Veteran Mondo Cozmo Is the Rookie of the Year

Singer-songwriter Josh Ostrander is just happy to be here.

The artist now known as Mondo Cozmo has just finished an early afternoon set at Outside Lands’ Panhandle stage when we meet up. The fan reaction to the performance was impressive, especially given that his debut album, Plastic Soul, isn’t even a month old yet. Josh Ostrander — his given name — is hyped, riding the buzz of another successful set in a summer that has seen Mondo Cozmo play any stage on which the band is welcome.

“We don’t say no,” he says. “The band that I have now, we’ve been together since March. Our first show was last October, and next week will be our 100th show. We haven’t had a day off in a long time.”

Given the road he’s slogged along to become Mondo Cozmo, it’s not hard to see why he’s hesitant to pass up any opportunity. After nearly 20 years, Ostrander is finally able to revel in the exhaustion of success.

The Philadelphia singer-songwriter first hit the scene in 2000 with the alt-rock outfit Laguardia. After five years and a deal with Universal Records, Ostrander ended the project to front Eastern Conference Champions, an indie-rock ensemble that lasted for a decade and released three albums. But despite landing a song on the Twilight Saga: Eclipse soundtrack, the band was unable to secure any lasting mainstream popularity.

Ostrander says that, by 2015, he knew the end was coming for Eastern Conference Champions.  

“It was very much time to leave, but it was like a relationship that you didn’t want to end because you loved it.

Of all people, it was Jack White who — indirectly — helped Ostrander change course.

“This whole Mondo thing started when I saw Jack White perform at Coachella a couple of years ago,” Ostrander says. “It was like a religious set, man. It was his last show. He was going away for a minute. I remember I was there with my girl, and she turned to me and said, ‘Do you think Jack White gives a fuck what his bass player thinks?’ ”

It’s a moment Ostrander has shared with press before, but one he truly believes marked the birth of Mondo Cozmo.

“I’d lost my way, and I just realized that I needed to do what I was fucking meant to do,” he says. “I remember during that show, Jack talked about how he used to mow lawns — and at that time, I was working two landscaping jobs. He was fucking talking to me, man.”

Ostrander’s revelation has now become Plastic Soul, an album that wears its influences on its sleeve, from Beck to Pearl Jam to U2. Preceded by the Billboard Adult Alternative chart-topping single “Shine,” the record is a joyfully bombastic ode to arena rock anthems and colorful pop ballads. The chorus of “Shine” — “Let ’em get high / Let ’em get stoned” — feels tailor-made for audience singalongs.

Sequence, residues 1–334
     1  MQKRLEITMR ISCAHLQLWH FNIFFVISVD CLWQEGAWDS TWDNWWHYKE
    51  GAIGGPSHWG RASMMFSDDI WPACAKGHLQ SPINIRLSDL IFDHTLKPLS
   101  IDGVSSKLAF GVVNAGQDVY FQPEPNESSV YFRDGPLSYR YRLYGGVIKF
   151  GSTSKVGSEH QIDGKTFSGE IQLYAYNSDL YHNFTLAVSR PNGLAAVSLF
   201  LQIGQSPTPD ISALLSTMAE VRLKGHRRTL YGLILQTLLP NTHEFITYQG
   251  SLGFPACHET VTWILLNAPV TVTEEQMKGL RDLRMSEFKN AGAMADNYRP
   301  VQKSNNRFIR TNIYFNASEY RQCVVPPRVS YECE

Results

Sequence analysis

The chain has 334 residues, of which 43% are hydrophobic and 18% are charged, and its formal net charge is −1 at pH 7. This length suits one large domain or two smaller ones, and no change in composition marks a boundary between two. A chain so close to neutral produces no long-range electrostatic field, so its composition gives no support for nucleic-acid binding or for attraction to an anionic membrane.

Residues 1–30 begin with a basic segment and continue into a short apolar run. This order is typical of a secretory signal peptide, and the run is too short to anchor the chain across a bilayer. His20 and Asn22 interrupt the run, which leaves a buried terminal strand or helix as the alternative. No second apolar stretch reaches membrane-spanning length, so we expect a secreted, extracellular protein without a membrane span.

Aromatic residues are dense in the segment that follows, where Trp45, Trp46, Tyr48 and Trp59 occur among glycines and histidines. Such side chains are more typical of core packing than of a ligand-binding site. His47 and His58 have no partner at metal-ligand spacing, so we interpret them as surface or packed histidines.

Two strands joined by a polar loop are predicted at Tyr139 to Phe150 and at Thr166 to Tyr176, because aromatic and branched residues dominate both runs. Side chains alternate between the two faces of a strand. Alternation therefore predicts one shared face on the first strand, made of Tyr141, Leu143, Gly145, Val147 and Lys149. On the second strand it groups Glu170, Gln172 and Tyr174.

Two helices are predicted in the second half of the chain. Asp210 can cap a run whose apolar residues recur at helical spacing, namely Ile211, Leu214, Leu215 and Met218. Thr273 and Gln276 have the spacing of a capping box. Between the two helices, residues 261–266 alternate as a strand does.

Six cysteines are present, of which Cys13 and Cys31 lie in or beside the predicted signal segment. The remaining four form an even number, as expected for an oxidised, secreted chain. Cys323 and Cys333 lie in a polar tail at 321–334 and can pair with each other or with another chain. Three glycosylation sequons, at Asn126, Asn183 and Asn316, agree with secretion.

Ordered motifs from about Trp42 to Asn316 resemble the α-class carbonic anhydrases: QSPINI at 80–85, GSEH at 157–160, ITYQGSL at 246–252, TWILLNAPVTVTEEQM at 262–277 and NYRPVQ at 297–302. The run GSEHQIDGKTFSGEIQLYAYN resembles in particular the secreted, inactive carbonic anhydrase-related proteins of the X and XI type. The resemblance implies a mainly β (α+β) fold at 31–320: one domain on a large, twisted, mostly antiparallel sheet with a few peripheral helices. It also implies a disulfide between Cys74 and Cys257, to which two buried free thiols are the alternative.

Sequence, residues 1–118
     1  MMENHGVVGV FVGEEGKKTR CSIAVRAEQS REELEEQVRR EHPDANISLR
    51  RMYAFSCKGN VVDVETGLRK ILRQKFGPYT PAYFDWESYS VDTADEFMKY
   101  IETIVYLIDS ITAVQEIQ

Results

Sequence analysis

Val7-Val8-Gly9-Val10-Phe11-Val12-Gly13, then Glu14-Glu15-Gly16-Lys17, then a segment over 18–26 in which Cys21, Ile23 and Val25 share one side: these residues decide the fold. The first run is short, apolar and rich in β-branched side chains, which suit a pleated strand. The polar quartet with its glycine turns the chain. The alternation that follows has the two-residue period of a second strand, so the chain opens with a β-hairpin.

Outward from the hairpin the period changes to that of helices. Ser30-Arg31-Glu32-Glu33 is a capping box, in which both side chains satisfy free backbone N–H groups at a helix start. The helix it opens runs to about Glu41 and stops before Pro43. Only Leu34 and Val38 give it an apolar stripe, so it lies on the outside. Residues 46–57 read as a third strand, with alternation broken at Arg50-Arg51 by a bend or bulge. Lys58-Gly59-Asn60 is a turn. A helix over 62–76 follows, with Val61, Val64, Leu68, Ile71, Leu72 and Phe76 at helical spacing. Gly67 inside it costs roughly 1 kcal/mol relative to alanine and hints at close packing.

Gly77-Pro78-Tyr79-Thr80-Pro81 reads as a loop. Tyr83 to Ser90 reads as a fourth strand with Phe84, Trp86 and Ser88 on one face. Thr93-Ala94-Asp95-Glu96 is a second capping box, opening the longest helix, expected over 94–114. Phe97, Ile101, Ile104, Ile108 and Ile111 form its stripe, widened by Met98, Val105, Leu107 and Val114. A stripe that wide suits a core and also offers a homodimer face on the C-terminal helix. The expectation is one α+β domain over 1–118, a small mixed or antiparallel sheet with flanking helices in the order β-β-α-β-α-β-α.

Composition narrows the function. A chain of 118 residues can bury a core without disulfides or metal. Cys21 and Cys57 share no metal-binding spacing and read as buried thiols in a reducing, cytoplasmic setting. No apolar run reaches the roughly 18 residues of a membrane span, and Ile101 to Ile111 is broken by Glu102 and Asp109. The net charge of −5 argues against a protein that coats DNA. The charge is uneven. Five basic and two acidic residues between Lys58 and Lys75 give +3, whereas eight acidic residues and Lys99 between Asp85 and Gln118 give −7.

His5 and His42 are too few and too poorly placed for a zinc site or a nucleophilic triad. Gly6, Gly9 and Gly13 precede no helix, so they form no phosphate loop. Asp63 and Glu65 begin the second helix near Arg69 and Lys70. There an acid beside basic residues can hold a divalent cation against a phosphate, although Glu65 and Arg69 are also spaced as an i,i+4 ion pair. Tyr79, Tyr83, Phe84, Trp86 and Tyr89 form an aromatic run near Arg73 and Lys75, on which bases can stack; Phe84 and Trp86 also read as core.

Ostrander is all in favor of fans joining in. Quite honestly, he’s simply thrilled that listeners are digging his record as much as he does.

“I love the record because it’s all over the place,” he says. “It pulls from a lot of different things. You’ll hear Primal Scream in one song and Radiohead in the next one. It’s all over the place, and I’m really proud of that. I had to be careful, because I could’ve easily written a whole rock album, but it probably wouldn’t have the heart that this record has.”

During Mondo Cozmo’s performance at Outside Lands, the crowd’s frenzy reached a fever pitch when Ostrander and the rest of the band launched into a highly polished cover of The Verve’s 1997 mega-hit, “Bittersweet Symphony.” Later, Ostrander tells me that he selected the song in part because he relates to The Verve’s legal woes over a Rolling Stones sample featured prominently in the track.

“I’ve had some sample issues, too,” he says. “Like with [title track] ‘Plastic Soul,’ I used an Erma Franklin sample — and I remember the nightmare of that, and how much it sucked.”

However, there is more at play than litigation solidarity when it comes to Ostrander’s feelings for the song.

“I think ‘Bittersweet’ is one of the best songs ever written,” he says. “The idea of it just really spoke to me. Then we played it, and it was like, ‘Holy shit.’ I feel like it’s our song now.”

Ostrander pauses and smiles, running a hand through his mohawk as he soaks in what he’s just said.

“I’ll probably get sued for saying that,” he says, “but it’s a powerful song, man. I’m happy to play it.”

Many artists talk about how excited they are to play a show, but in the afternoon fog of Golden Gate Park, as he straps on his guitar for the 99th time in 10 months, Ostrander is living his words.

Next week it will be a different festival in a different country. There will be a different set of fans chanting along to “Shine” and getting their first glimpse at an artist that, at long last, has finally found his people.

“I feel like all the work, all the years, all the thousands and thousands and thousands of hours that I put into this … To be here, right now, playing in front of a crowd, and to have my record come out — that’s the best shit in the world, man,” he says.

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